We would like to thank Rebekah Hood for this tribute to her teacher, Marvin Blickenstaff. As we continue the season of gratitude and giving, we pay tribute to piano teachers from around the country who are transforming the lives of their students. Students, parents, and colleagues are honoring piano teachers from their communities as part of the “Power of a Piano Teacher” campaign. We welcome you to celebrate your own teacher by sharing a tribute with us and donating to The Frances Clark Center.
I met Mr. Blickenstaff when I was in the 4th grade. After the death of my first piano teacher and an unhappy experience with a second teacher, I was reluctant to continue my studies. Admittedly, I grew fond of the idea of never having to attend a piano lesson on Monday afternoon ever again—that is, until I met Mr. Blickenstaff.
On the day of my first lesson, I felt anxious and jittery. My mom drove me to his home, just five minutes away from our neighborhood, and I approached his front door with dread. But the moment we walked into his home, I met a man who was lively, kind, passionate, and gentle. When I played the piano for him, he offered the sincerest praise and encouragement. He made up words to fit the melodies of my pieces. He sang beautifully, his strong vibrato filling the room, while I barely moved my lips and shyly mouthed the words to the fabricated lyrics. I felt more at ease and more willing to try out lessons for a few months.
A few months became nine years. Through that period, I broke two fingers, suffered various illnesses, experimented with many unfortunate fashions, vowed to quit piano upon receiving my first Rachmaninoff piece, cried in the middle of a studio recital, bickered with my parents about piano practice, and eventually prepared an hour-long senior recital. Mr. Blickenstaff witnessed my growth throughout that entire journey. He continued to make up song lyrics for my pieces. He taught me how to waltz after introducing Chopin’s Waltz in A Minor. He changed up the articulation for the “Allemande” from Bach’s French Suite in G Major every single week. He encouraged me when I felt embarrassed even to step through his door due to my lack of consistent piano practice.
About a month after my senior recital, Mr. Blickenstaff and I sat by his piano and we reminisced about favorite pieces, fond memories, and past performances. He said, “Bekki, you came to me when you were terribly shy and unsure of yourself. Now, it’s like you’ve blossomed into a butterfly.” When I got home from my lesson, I immediately recorded his words in my journal. It meant a lot to me, and I often think about what he said, especially when I find myself bogged down by discouragement, maladaptive perfectionism, and frustration. Mr. Blickenstaff’s influence on my life has been immeasurable. Not only did my appreciation for music flourish under his direction, but my confidence increased. He showcases the change and growth that can come from teaching music—not from a place of fear or shame, but from a place of genuine love and kindness.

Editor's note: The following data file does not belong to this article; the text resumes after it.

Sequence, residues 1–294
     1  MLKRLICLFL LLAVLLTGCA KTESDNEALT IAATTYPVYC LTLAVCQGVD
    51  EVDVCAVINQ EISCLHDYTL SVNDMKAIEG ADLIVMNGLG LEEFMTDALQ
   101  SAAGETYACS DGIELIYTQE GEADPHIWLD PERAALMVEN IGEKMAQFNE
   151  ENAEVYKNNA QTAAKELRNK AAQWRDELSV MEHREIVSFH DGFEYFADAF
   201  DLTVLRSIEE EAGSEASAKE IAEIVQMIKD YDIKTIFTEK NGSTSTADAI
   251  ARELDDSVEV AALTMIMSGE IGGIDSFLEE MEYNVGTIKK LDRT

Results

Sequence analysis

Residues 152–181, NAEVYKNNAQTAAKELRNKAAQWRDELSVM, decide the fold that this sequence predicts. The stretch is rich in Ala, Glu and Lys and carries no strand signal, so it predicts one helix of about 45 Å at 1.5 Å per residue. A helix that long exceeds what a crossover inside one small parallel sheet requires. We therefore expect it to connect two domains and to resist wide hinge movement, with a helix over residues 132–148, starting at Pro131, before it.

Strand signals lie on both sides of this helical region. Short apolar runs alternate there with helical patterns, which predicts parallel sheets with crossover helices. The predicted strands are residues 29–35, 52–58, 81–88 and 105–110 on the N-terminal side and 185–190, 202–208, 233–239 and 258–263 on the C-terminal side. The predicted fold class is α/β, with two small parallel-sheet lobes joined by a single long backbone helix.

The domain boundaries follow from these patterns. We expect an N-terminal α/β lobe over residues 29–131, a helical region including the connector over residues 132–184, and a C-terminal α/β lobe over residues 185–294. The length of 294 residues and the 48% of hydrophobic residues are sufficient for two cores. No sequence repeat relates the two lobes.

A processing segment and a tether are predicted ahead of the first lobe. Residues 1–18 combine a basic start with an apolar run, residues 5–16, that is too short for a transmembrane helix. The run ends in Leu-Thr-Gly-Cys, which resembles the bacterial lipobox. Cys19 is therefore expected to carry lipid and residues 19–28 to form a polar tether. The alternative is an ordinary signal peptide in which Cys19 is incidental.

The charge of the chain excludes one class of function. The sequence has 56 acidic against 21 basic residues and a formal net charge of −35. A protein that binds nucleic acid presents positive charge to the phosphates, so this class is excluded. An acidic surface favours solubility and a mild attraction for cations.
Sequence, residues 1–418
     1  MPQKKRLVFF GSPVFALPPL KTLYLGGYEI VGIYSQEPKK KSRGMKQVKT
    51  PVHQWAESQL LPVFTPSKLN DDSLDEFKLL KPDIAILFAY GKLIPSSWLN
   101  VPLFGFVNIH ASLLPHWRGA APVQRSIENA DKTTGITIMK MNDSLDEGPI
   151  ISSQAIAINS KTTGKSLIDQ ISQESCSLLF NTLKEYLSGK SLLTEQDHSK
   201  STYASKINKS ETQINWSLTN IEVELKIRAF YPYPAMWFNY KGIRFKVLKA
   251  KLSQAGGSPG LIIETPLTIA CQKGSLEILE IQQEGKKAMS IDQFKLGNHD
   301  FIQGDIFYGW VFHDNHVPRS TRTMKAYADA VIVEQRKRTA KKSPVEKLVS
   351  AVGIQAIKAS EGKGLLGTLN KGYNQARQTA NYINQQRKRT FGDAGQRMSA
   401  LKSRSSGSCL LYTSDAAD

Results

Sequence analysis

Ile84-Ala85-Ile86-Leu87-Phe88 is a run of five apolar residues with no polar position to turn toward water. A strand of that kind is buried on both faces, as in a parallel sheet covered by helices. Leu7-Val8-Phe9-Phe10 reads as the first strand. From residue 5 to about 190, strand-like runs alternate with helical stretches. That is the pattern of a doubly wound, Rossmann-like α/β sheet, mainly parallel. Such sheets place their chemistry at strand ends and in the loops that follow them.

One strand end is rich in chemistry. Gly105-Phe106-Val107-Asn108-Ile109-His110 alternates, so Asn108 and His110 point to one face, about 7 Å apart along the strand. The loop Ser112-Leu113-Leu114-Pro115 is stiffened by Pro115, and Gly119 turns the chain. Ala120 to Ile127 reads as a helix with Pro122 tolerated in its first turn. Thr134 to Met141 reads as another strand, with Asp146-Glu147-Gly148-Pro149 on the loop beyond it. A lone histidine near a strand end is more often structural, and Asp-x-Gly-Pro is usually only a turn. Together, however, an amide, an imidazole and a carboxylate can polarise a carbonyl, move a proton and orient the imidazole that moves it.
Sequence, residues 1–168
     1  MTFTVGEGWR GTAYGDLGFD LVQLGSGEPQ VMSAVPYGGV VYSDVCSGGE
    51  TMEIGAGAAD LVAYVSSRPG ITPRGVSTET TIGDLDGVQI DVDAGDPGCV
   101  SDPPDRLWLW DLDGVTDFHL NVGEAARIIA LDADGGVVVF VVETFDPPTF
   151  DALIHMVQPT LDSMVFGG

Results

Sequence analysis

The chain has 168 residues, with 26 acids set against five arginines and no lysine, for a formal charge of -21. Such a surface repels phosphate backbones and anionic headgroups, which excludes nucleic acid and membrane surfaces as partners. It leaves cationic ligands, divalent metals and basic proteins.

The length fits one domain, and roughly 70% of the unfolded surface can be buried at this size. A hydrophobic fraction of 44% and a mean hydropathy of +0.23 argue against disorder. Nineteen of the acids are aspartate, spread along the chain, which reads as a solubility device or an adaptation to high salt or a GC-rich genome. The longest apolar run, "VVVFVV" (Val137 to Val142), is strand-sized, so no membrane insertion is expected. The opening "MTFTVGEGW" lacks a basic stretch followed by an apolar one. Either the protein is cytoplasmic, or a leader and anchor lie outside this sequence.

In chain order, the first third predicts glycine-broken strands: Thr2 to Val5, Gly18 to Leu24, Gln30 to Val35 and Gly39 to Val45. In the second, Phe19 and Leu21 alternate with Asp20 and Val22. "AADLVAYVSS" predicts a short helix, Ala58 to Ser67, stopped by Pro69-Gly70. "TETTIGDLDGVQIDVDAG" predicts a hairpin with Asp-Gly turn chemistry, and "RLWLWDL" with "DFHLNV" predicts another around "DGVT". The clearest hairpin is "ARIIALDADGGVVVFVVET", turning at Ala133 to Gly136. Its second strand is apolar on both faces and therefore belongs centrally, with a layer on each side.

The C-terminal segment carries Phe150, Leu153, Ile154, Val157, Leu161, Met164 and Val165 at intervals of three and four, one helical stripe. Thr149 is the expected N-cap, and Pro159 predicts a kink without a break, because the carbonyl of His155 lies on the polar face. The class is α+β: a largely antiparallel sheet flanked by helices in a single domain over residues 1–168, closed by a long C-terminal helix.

In 2023, the Frances Clark Center established the Marvin Blickenstaff Institute for Teaching Excellence in honor of his legacy as a pedagogue. This division of The Frances Clark Center encompasses inclusive teaching programs, teacher education, courses, performance, advocacy, publications, research, and resources that support excellence in piano teaching and learning. To learn more about the Institute, please visit this page.
We extend a heartfelt invitation to join us in commemorating Marvin Blickenstaff’s remarkable contributions by making a donation in his honor. Your generous contribution will help us continue his inspiring work and uphold the standards of excellence in piano teaching and learning for generations to come. To make a meaningful contribution, please visit our donation page today. Thank you for being a part of this legacy.
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